by Sanne Kure-Jensen
“A high tunnel is an irrigated desert,” opened Bruce Hoskins of the University of Maine. He continued by describing a common problem faced by high tunnel growers of salt and nutrient build-up in upper soil layers. Hoskins presented several ways to minimize build-ups and to mitigate problem sites in his workshop “High Tunnel Soil Management Updates” at the 2017 New England Vegetable & Fruit Conference.
Typical high tunnel growers only irrigate crop root zones. Plants transpire and soil surfaces evaporate moisture into the air. Nutrients and salts accumulate in significant and potentially toxic levels in the top one to two inches of soil. Soil electrical conductivity (EC or soil salinity) typically decreases with soil depth. EC affects crop yields, plant nutrient availability and soil microorganism activity. Excess salts impede plant growth by affecting their soil-water balance.
Hoskins recommended pushing salts down by watering deeply and/or remixing soils between crops. Growers should leave high tunnel frames open to allow rain to penetrate soils several weeks whenever replacing plastic covers. Ensure 4” to 8” rain or irrigation water has a chance to penetrate high tunnel soils before installing new high tunnel covers.
Another approach is to dilute nutrient or salt build-ups. Hoskins suggested growers supplement high tunnel soils with up to one-third (by volume) peat or field soils. He also recommended thorough mixing of high tunnels soils at least once a year. Beware adding too much compost as this can raise phosphorus (P) levels.
An important factor affecting soil pH in high tunnels is the alkalinity or dissolved lime content of irrigation water. Hoskins advised growers to test their water source — and not just for water quality compliance with Food Safety Modernization Act (FSMA).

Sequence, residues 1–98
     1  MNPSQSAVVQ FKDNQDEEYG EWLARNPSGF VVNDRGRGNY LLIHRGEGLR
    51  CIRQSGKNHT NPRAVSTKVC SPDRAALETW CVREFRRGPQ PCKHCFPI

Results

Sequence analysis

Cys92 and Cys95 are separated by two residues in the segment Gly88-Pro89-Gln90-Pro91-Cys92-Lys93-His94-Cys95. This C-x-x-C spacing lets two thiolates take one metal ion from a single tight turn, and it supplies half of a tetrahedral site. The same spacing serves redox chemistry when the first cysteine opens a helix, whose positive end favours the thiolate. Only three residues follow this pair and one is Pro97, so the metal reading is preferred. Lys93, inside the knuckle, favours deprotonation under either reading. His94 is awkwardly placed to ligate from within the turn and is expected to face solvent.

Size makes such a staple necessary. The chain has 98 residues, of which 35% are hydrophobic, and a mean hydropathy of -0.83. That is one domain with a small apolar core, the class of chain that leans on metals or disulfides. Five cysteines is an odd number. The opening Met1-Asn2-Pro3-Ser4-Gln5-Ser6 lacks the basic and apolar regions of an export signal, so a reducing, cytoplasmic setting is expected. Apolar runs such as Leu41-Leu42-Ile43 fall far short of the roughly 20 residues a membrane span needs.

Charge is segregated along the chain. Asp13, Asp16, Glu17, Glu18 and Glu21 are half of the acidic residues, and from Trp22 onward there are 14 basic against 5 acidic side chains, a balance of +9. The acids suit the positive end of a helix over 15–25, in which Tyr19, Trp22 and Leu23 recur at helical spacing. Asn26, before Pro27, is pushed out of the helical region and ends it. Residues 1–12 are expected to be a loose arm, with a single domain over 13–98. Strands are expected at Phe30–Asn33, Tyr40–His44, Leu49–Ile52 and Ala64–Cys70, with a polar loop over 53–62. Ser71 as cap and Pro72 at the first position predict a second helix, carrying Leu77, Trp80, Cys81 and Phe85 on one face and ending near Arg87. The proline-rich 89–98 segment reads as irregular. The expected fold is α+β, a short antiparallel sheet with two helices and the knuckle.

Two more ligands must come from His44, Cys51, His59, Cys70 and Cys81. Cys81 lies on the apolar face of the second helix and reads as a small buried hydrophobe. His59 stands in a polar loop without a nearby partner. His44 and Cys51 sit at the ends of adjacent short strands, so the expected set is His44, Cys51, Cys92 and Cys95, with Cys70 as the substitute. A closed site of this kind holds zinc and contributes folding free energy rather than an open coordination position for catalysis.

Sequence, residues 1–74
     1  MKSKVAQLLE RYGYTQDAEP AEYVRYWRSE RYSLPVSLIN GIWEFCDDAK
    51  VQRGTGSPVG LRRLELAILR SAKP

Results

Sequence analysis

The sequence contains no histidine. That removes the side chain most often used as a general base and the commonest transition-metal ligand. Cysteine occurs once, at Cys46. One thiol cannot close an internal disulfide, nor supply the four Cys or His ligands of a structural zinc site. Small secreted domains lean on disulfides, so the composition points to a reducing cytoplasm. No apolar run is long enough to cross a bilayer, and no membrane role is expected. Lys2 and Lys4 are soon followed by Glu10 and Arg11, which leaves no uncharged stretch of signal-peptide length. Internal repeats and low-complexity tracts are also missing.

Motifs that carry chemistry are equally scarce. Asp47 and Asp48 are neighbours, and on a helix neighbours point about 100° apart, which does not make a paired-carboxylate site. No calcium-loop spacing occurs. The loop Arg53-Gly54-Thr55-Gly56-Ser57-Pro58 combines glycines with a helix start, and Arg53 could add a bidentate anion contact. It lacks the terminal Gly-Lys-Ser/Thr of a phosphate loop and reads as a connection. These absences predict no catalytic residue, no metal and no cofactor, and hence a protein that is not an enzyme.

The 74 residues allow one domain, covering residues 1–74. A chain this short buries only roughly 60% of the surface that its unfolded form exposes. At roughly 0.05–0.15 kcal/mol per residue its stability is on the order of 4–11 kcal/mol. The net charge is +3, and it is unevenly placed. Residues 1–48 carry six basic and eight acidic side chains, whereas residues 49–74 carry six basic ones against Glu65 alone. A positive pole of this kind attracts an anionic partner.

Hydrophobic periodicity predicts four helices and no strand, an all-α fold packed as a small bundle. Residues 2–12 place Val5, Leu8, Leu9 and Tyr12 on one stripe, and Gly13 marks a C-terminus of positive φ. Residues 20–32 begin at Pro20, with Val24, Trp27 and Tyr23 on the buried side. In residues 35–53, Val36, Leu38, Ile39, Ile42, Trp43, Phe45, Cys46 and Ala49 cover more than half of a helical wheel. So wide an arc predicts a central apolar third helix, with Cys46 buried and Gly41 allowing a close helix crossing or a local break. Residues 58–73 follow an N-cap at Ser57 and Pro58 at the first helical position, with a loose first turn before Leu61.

Hard water can contain fast acting lime. Hoskins gave an example of alkalinity (lime equivalence) at 275 parts per million (ppm). This is equivalent to adding a quarter pound of lime per 100 gallons of irrigation water or approximately 75 pounds of lime per 1000 square feet over a full season. This rate can raise high tunnel soils pH 0.5 to 0.7 each year. High alkalinity irrigation water can also be a big problem for bench production.
According to Hoskins, surface water sources like ponds, streams or shallow/dug wells are superior to well water and usually low in alkalinity. Growers irrigating with well water may need to acidify their soils with yellow sulfur (15 pounds/1000 square feet per 0.5 drop in pH needed). Alternately, growers could inject an acidifier like sulfuric or nitric acid into their irrigation water. Certified organic growers may use citric acid.
“Tomatoes are luxury consumers of potassium,” said Hoskins. Many high tunnels are low in potassium (K), especially after a tomato crop. Even when growers add potassium before or during the growing season, tomato plants will use all or nearly all of the available potassium. Typical symptoms of low potassium soils include bronzing of lower leaves and yellow or green shoulder on tomatoes.
To maximize yields, fruit quality and plant health, Hoskins recommended supplementing soils with a fine granulation of potassium sulfate or K-Mag (langbenite) bringing levels to 300-450 ppm (equivalent to 600-900 lbs./acre). Hoskins said organic growers have no restriction on the amount of added potassium, only the source of the potassium.
Achieve ideal plant health and yields by meeting optimal potassium (K) and nitrogen (N) requirements and nutrient balances.

  • Corn needs 70 percent as much K as N
  • Apples need 70 percent as much K as N
  • Squash need 80 percent as much K as N
  • Peppers need equal parts K as N
  • Potatoes need 110 percent as much K as N
  • Tomatoes need 110-150 percent as much K as N

Dry zones in high tunnel beds are a common problem. Hoskins recommended growers use fine granulation amendments and use three to four drip lines per bed to minimize dry areas, improve nutrient release, and reduce salt buildups. Alternatively, potassium amendments can be completely dissolved in water before application to ensure consistent application, plant availability and prevent areas of excess.
To calculate amendments needed based on soil test recommendations, add up all bed areas. Apply amendments only to the bed areas; skip the paths.
When collecting samples for soil testing, growers should be sure to sample a full 6” of soil and send a blended sample for testing. If the ground is frozen, wait until soils have thawed enough to take a full depth sample. Shallow samples will give false results often showing nutrient deficiencies and excess salts.
Unlike rain falling evenly on field soils, indoor soils are rarely deeply flushed. Hoskins recommended growers thoroughly saturate high tunnel soils at least once a month. Keeping soils moist will help make all nutrients available to soil life and plant roots.
Send questions to Bruce Hoskins, Assistant Scientist at the University of Maine at or call 207-581-2945.